Jury selection helped Zimmerman
In theory, an ill-informed jury is an objective jury. In reality, an ill-informed jury is a disengaged and ignorant jury.
By Alan Bean
A jury comprised of five white women and one Latina has acquitted George Zimmerman on all charges. This outcome was largely determined by the way we select juries in America.
Imagine that two women who looked like Trayvon Martin were part of the deliberation. Can you imagine an acquittal under those circumstances? I can't.
I have argued that a jury of women who look like the accused would have a hard time finding him guilty of anything. I wasn't suggesting that these women were overt, old-school racists. I was simply suggesting that they would find it hard to identify with the victim.
Zimmerman should have been convicted of manslaughter because, for no discernible reason, he saw an unarmed black adolescent as a threat and, contrary to instructions from law enforcement, decided to pursue him.
What did Zimmerman think his pursuit of Martin would accomplish? The scenario Zimmerman created by his rash actions inevitably led to a confrontation that was almost certain to end in violence. The responsibility for this outcome rests with the now-acquitted man who drove the action.
Two black jurors, male or female, would have interpreted the scene from the perspective of the victim. They would have naturally identified with those emotions in a way that, tragically, few white people can.
Precisely because the women who acquitted Mr. Zimmerman are not racists in the conventional sense, they would have benefited from this counsel and voted accordingly. Unfortunately people who naturally identified with the victim were systematically excluded from the jury room.
But the problem isn't just racial composition. To get onto this jury you had to convince a judge, a prosecutor and a defense attorney that you knew next-to-nothing about the Trayvon Martin case.
By placing a premium on clueless ignorance, the court determined that nobody who looked like Trayvon Martin would survive the voir dire gauntlet. The only black people in Florida who knew nothing about this case were in a coma.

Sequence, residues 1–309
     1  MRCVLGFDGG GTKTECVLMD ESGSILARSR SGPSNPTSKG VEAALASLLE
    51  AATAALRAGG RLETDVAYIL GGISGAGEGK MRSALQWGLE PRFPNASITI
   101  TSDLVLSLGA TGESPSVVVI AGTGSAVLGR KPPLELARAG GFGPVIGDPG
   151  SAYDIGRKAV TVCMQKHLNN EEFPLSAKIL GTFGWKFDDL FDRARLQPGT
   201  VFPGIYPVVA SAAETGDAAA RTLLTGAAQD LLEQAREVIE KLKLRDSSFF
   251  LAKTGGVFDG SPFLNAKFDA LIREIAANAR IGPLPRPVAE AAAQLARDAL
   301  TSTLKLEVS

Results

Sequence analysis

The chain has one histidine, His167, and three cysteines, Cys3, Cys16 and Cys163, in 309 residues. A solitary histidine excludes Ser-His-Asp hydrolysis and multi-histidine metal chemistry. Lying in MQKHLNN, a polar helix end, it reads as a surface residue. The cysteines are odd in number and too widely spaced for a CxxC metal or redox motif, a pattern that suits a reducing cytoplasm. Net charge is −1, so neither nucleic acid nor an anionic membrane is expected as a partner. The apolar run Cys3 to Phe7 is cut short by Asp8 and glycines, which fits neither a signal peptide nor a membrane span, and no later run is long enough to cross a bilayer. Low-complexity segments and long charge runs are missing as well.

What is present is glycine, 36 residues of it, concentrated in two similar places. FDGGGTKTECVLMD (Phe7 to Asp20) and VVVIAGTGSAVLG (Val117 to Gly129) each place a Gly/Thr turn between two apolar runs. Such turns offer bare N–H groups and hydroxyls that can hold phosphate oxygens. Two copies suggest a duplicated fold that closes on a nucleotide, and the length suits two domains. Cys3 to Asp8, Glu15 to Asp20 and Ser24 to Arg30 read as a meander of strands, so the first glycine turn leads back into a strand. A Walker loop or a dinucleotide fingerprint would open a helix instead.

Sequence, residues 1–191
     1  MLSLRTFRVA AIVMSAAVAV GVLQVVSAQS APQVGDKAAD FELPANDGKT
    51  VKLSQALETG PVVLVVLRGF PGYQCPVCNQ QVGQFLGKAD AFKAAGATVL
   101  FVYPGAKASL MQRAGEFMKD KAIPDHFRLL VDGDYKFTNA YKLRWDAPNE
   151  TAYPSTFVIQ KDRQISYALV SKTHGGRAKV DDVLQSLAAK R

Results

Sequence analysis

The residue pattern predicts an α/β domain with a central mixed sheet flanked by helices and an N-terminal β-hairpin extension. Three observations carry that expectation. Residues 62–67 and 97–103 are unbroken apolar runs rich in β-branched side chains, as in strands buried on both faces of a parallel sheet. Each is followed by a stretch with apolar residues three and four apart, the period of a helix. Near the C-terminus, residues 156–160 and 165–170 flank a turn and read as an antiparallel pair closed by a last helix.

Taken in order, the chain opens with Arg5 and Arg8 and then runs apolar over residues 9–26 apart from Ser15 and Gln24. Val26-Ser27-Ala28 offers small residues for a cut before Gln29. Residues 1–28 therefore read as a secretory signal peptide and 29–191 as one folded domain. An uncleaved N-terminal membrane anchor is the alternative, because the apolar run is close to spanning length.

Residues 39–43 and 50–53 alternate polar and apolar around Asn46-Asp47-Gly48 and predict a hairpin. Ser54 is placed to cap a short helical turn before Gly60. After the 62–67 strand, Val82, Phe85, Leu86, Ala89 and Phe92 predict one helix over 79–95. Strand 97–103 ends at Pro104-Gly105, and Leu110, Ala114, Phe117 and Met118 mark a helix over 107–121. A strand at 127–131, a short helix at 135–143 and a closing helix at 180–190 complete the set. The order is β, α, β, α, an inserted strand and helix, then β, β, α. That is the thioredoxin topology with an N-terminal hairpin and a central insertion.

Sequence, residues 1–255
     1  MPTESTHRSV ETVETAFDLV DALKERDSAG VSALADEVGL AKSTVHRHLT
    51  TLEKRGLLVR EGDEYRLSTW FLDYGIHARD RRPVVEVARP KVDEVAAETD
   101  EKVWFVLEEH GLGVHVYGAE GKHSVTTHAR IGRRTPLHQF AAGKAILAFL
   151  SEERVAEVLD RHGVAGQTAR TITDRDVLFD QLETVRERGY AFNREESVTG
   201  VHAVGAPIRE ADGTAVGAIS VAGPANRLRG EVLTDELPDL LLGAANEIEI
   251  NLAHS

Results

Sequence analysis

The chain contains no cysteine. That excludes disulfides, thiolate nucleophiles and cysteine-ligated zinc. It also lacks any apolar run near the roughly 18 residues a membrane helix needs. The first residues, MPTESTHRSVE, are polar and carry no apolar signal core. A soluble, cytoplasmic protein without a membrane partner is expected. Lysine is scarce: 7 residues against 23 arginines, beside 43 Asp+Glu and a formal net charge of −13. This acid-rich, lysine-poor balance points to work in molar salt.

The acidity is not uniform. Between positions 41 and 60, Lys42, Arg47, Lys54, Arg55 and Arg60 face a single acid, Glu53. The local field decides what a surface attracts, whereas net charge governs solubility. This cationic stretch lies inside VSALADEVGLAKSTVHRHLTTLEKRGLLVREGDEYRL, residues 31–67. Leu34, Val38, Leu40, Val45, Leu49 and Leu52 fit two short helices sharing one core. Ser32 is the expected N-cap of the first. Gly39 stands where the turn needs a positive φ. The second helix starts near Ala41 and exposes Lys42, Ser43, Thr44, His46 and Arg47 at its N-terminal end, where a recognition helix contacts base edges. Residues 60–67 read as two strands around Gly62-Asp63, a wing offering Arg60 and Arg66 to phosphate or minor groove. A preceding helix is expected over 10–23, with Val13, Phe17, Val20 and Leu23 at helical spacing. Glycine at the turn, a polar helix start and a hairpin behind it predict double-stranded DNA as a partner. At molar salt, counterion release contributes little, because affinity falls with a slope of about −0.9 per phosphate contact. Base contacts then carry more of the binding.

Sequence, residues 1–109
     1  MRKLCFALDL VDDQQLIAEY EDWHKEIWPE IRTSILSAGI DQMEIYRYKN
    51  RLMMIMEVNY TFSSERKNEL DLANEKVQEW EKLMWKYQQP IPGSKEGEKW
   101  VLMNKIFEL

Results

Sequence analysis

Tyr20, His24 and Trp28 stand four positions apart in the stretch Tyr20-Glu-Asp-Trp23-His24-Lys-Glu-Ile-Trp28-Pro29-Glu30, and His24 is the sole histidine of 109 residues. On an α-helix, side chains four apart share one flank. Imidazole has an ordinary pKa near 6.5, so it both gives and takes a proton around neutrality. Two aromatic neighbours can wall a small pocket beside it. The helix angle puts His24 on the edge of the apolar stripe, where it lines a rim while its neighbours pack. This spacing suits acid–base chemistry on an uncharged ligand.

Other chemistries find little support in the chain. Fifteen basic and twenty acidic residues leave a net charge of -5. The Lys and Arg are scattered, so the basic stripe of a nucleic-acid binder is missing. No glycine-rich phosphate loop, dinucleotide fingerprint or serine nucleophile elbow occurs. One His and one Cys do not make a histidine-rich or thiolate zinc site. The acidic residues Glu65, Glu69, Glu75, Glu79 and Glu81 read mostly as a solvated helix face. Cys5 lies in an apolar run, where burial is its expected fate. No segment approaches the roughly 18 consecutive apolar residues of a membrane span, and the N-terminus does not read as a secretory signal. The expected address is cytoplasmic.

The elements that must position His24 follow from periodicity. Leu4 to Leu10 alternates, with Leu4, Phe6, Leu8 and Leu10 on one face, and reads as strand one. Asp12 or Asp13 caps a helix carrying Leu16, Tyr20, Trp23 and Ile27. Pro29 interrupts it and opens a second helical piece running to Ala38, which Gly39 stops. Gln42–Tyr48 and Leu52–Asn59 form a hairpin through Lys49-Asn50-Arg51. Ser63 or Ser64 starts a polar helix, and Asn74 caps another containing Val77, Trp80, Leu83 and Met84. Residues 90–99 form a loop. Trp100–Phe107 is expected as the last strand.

The quest for out-of-touch jurors didn't just give us a bunch of not-the-sharpest-knife-in-the-drawer white people, it also gave us jurors with a low level of social awareness. Anyone who cares about justice and basic fairness, regardless of race, was aware of this case.
Exclude all of these people and you end up with folks short on empathy. Empathy is learned in the give and take of social encounter, and these women dropped that class.
They aren't bad people. I'm sure they did their best to render to a just verdict. I wouldn't be surprised if tears were shed in the juror room.
They simply weren't up for a demanding job.
That's why I say the outcome of this case was determined by the jury-selection process. Mistakes were made by the prosecution, certainly.
Zimmerman may have been guilty of second-degree murder, but the facts were too fuzzy to make a persuasive case. The prosecution should have emphasized the facts that are not in dispute, facts that, properly interpreted, make a strong case for manslaughter.
Defense counsel made a strong appeal to actual innocence. When the facts are ambiguous, it is a defense attorney's job to counter the prosecution's claim of guilt with an unambiguous insistence on innocence. That was done, and it was effective.
But the prosecution was always tacking into the wind on this one. When you've got a jury of nice, earnest women who are largely detached from social reality, this is the kind of verdict you can expect.
OPINION: Views expressed in Baptist News Global columns and commentaries are solely those of the authors.